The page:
Warmer and more acidic conditions enhance performance of an endemic low shore gastropod

Changing ocean temperatures are predicted to challenge marine organisms, especially when combined with other factors, such as ocean acidification. Acclimation, as a form of phenotypic plasticity, can however, moderate the consequences of changing environments for biota. Our understanding of how altered temperature and acidification together influence species acclimation responses is, however, limited compared to responses to single stressors. This study investigated how temperature and acidification affected the thermal tolerance and righting speed of the Girdled Dogwhelk, Trochia cingulata (Linnaeus, 1771). Whelks were acclimated for two weeks to combinations of three temperatures (11°C: cold, 13°C: moderate and 15°C: warm) and two pH regimes (8.0: moderate and 7.5: acidic). We measured the temperature sensitivity of righting response by generating thermal performance curves from individual data collected at seven test temperatures and determined critical thermal minima (CTmin) and maxima (CTmax). We found that T. cingulata has a broad basal thermal tolerance range (∼38°C) and after acclimation to the warm temperature regime, both the optimal temperature for maximum righting speed and CTmax increased. Contrary to predictions, acidification did not narrow this population’s thermal tolerance but increased CTmax. These plastic responses are likely driven by the predictable exposure to temperature extremes measured in the field which originate from the local tidal cycle and the periodic acidification associated with ocean upwelling in the region. This acclimation ability suggests that T. cingulata has at least some capacity to buffer the thermal changes and increased acidification predicted to occur with climate change.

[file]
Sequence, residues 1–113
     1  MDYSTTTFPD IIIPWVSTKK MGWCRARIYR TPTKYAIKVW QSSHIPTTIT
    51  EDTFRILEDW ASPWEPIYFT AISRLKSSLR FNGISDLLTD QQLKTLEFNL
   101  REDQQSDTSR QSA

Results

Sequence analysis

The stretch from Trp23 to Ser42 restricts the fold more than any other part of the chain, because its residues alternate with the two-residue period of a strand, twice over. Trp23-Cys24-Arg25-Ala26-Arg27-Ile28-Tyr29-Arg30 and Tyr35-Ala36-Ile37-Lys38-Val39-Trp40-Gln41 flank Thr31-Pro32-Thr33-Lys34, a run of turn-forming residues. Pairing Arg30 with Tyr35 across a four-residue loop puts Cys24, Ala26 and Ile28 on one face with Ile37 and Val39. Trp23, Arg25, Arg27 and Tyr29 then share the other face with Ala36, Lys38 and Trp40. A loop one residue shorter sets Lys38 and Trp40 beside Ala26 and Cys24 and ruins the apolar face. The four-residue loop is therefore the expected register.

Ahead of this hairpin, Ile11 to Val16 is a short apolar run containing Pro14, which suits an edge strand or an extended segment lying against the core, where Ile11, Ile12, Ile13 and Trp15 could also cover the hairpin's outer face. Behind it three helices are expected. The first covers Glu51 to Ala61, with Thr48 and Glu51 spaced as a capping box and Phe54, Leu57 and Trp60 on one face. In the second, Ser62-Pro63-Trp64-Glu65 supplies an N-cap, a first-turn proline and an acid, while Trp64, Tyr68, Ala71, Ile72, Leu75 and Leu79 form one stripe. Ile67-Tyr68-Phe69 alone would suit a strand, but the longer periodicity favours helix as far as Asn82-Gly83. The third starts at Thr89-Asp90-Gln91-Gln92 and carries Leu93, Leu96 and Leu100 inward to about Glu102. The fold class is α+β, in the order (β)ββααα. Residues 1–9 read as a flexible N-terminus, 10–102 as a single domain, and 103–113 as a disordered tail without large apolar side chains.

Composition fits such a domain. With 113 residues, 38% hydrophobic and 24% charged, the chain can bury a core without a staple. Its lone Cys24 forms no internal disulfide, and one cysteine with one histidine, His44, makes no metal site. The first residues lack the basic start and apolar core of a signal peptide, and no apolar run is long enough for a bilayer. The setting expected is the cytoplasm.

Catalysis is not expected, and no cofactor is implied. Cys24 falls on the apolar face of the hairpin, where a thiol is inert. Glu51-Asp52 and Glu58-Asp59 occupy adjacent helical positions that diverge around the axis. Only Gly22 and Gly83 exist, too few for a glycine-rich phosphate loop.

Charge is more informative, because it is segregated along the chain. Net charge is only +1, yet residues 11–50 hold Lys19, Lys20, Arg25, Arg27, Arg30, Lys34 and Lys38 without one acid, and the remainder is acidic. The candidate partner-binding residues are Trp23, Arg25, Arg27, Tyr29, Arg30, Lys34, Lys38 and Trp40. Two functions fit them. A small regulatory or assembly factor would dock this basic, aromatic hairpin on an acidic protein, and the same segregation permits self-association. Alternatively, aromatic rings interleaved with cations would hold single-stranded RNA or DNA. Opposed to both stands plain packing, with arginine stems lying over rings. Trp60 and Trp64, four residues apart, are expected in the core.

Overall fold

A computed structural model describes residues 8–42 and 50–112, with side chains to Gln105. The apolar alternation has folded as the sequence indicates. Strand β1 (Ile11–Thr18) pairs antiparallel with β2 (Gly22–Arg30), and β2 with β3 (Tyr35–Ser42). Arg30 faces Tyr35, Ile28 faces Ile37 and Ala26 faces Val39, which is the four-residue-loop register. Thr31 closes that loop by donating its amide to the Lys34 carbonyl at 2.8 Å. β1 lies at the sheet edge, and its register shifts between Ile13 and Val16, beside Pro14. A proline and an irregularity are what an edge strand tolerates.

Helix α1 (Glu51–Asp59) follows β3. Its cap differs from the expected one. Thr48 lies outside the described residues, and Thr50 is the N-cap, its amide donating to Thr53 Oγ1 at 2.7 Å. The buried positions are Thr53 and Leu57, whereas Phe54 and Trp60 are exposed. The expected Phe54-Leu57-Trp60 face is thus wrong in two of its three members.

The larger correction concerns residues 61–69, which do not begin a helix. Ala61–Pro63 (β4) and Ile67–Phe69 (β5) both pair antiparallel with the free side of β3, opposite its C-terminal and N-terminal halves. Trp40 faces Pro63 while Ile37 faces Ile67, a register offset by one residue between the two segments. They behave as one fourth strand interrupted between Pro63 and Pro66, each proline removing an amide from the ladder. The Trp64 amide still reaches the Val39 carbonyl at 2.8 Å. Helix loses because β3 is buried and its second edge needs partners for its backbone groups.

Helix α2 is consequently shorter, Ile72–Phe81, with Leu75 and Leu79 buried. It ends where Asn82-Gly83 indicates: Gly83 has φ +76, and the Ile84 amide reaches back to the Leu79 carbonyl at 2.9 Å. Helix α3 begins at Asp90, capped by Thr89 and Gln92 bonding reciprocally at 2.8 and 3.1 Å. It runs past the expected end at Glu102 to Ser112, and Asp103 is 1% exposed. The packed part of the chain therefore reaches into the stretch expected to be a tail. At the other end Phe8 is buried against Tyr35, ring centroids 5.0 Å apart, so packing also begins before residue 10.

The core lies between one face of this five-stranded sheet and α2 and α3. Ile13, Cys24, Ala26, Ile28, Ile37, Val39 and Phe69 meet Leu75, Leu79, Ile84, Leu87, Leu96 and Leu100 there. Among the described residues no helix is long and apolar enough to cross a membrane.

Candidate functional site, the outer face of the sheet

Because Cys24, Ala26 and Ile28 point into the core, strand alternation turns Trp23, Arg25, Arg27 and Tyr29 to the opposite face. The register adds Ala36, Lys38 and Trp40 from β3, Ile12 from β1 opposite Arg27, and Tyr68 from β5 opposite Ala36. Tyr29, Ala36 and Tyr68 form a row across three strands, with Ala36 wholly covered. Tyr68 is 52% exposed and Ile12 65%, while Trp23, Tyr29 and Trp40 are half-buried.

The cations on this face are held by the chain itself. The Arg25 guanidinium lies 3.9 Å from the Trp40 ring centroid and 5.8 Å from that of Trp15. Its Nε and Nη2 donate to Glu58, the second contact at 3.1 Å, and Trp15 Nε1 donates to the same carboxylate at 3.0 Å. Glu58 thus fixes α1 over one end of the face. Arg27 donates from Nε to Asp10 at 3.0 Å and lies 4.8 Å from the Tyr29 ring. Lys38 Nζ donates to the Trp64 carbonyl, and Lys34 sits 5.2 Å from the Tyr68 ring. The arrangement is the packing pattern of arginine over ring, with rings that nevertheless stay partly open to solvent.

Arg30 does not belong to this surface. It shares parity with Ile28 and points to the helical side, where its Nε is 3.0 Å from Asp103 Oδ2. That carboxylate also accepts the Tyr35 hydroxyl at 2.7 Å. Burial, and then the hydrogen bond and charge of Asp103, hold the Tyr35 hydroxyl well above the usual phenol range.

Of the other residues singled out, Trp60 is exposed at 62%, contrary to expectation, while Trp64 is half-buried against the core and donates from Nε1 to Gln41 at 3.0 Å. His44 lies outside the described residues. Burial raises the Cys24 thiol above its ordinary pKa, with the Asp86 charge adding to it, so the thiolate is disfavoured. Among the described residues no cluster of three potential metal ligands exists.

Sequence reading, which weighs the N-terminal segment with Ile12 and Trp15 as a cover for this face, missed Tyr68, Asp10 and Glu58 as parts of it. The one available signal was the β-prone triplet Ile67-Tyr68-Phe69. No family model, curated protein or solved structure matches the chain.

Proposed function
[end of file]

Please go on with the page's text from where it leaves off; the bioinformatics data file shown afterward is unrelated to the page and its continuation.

Martin N., Robinson T. B. & Clusella-Trullas S., 2023. Warmer and more acidic conditions enhance performance of an endemic low shore gastropod. Journal of Experimental Biology: jeb.245423. doi: 10.1242/jeb.245423. Article (subscription required).

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